Foraging is the most basic skill besides breathing and drinking and it is seen by all animals. Whether we are herbivores or carnivores, all animals need to eat. When we look around we can see birds eating, squirrels looking for acorns, deer for leaves, pigs for roots and veggies, and humans for the grocery store. While there are still some tribes that are hunter gathers, and some people in modern society that forage, most people have ditched this most essential and basic skill for a trip to the supermarket. Is the trade off of convenience and an illusion of stability creating long term shortages and instability?
While it can seem scary or unnecessary to a beginner, foraging can be fun to learn as well as useful for finding fresh foods and medicines. There are many plants and fungi that are very hard to misidentify, and some become obvious once you learn them. It’s as easy as distinguishing an apple from a banana. As long as we stick to plants and mushrooms we know for a fact are what we think they are, then there should be no issues from foraging. This is not to discourage anyone from looking at species that haven’t they haven’t seen before or can’t identify, just make sure to do research and preferably ask an experienced forager, or a few of them. Foraging is definitely one of my favorite activities, I especially love finding fungi.
It is easy to start just go outside and look around. Can you notice any plants in multiple places, that you can tell are the same species? It is common to find lots of herbs in grassy fields or lawns, you don’t need to pick anything, just look at the plants. It is great to get a foraging guide, even better is one specific to the region you are going to be foraging.
Foraging is relaxing and primitive feeling, it helps me feel balanced, connected to nature, and organic. I know that what I collect did not require any fossil fuels, excessive transportation, low paid workers, mono crops, corporation, and instead is a balanced way to maintain life, especially if we compost too.
This is even great for kids, it is beneficial for a child to feel exploration and curiosity. It can be a bonding experience for parents and kids in a completely healthy way. Imagine the awe of a child being able to find food in its natural environment. Its much less toxic then teaching kids our cultural addiction of eating for taste instead of nutrition and buying food that is low quality and made from harming the Earth and taking advantage of people. The alternative to natural way is conditioning social skills that we can learn to function in a “False Matrix” in which we need to work “Against” nature in order to survive in a world of lack.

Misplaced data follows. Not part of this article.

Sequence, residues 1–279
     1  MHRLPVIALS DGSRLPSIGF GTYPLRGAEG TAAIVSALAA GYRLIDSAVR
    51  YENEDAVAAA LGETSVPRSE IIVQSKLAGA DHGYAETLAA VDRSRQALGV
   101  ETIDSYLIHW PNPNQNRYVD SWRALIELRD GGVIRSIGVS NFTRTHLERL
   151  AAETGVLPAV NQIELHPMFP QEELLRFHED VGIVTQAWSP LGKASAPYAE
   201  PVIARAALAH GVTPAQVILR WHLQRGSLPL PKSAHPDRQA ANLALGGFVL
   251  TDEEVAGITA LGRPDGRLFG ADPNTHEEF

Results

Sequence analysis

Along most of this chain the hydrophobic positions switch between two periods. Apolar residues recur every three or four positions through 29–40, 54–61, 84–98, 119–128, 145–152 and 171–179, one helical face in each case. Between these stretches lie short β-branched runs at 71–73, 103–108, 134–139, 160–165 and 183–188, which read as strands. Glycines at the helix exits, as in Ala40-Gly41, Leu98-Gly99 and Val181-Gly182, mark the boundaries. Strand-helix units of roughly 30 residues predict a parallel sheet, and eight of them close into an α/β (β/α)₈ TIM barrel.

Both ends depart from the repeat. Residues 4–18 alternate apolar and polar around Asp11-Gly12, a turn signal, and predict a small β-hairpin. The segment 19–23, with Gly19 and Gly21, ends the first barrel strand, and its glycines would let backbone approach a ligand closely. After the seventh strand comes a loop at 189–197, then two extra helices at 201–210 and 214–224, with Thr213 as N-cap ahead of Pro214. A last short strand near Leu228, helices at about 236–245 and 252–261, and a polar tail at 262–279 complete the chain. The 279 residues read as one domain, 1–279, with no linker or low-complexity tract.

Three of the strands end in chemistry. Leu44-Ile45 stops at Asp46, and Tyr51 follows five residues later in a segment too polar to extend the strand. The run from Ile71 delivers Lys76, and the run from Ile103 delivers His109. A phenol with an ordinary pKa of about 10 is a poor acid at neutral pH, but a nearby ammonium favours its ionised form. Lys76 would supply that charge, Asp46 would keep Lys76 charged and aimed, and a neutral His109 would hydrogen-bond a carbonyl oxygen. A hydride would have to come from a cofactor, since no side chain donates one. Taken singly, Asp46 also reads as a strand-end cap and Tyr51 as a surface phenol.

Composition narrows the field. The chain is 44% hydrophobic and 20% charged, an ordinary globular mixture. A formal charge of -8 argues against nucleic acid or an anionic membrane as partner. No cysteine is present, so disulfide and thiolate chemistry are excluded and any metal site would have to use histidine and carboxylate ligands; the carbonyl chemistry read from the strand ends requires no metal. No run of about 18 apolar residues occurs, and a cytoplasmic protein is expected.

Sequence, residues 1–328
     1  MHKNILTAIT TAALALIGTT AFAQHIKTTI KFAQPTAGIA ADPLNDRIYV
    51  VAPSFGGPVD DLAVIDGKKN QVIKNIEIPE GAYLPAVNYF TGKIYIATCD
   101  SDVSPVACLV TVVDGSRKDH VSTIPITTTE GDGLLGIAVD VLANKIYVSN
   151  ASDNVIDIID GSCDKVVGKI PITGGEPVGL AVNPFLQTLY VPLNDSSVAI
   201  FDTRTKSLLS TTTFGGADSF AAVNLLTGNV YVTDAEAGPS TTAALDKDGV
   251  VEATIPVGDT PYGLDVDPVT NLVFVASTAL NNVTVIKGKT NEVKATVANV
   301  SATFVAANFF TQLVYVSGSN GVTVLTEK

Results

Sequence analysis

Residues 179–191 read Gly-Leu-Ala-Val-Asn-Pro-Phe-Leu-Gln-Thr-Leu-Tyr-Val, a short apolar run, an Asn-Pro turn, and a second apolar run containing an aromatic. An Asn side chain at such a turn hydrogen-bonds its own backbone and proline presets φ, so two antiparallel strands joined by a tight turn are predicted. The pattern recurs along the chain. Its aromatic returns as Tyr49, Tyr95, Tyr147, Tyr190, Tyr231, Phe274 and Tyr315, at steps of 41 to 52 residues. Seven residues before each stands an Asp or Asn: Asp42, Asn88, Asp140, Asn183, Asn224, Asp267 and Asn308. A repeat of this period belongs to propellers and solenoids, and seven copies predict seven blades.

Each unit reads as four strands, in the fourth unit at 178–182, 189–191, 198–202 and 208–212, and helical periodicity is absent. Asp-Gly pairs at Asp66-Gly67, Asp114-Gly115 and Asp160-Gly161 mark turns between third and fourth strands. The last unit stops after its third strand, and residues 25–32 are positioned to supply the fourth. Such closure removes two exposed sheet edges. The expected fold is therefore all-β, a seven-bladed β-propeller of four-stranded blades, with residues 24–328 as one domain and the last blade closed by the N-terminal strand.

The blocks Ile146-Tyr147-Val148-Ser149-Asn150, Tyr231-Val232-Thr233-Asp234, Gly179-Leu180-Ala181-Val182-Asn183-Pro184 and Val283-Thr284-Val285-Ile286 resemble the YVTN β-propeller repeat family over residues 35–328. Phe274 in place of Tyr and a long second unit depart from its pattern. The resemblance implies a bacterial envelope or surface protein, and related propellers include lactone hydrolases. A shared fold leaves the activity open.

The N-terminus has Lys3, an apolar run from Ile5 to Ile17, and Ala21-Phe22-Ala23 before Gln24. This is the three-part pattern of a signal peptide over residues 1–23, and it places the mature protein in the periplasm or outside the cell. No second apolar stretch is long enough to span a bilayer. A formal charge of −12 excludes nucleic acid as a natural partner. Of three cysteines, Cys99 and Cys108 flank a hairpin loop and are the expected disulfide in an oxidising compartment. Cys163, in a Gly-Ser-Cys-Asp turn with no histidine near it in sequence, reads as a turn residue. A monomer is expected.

Foraging can help us balance and heal our mind, body and soul. There are unimaginable variety of plant medicines that can be used to treat almost any illness, sickness, or symptom. There are even plants that can help heal the mind, lions main mushroom to boost the brain, st johns wort for depression, and mint for headaches . Foraging has healed my soul because it shows me that the universe/god really has provided all we need, for there is food growing all around, as long as we don’t continue to destroy it and distance ourself from nature.
I believe that if we turn to the natural world for our physical and mental healing instead of pharmaceuticals, our society would be more connected to nature, and feel healthier and happier. I have found so many medicines just walking around in nature.
If you are interested in starting to forage and aren’t comfortable going alone with a book or phone resources, then it can be a great idea to take a foraging class or walk. There are many foraging and mushroom groups all around, and there is probably one by you. It can help gain confidence if you see and hear from an expert with the actual plant in front of you.
In the Northeast United Stated I have found mugwort, lions mane mushrooms, turkey tail mushrooms, broad leaf plantain, wild onion, dandelion leaf and root, chicken of the woods mushroom, hen of the woods mushroom, indigo milk cap fungi, mullein, amanita muscaria, mulberries, raspberries, pine needles, wood sorrel, chickweed, wild mint, sassafras leaf, thistle, jewelweed, wild garlic, puffballs, reishi, and more. I was traveling thru the northwest for the fall and found lots of apples, blackberries, raspberry, dandelion root, mullein, and chicken of the woods, and I wasn’t even looking much. Hawaii is the most abundant, I have seen wild jackfruit, avocados, guava fruit and leaf, passionfruit, squashes, chayote, sapote, bananas yellow and cooked green, soursop fruit and leaf, broad leaf plantain, mullein, tarot, cassava, psilocybin mushrooms, ginger, tumeric, spinach, noni fruit and leaf , breadfruit, lychee, papaya, pineapple, mountain apple, and much more. These are only wild things, not including everything else that people were actively gardening. It was a great feeling to walk down the road and find a bunch of avocados on the ground or walking by a noni tree with ripe white fruits. All this food and medicine was free, and I had a great time finding them, and felt healthy eating them. I have never felt more connected to nature. Each part of the world has special plants and mushrooms growing. It may not always be enough to sustain oneself, but if combined with gardening, permaculture, preserving foods, and going to a farmers market, it can create an almost completely sustainable diet.
If your interested, then get out there and start looking around. It is a skill that grows over time, and can be taught to others easily.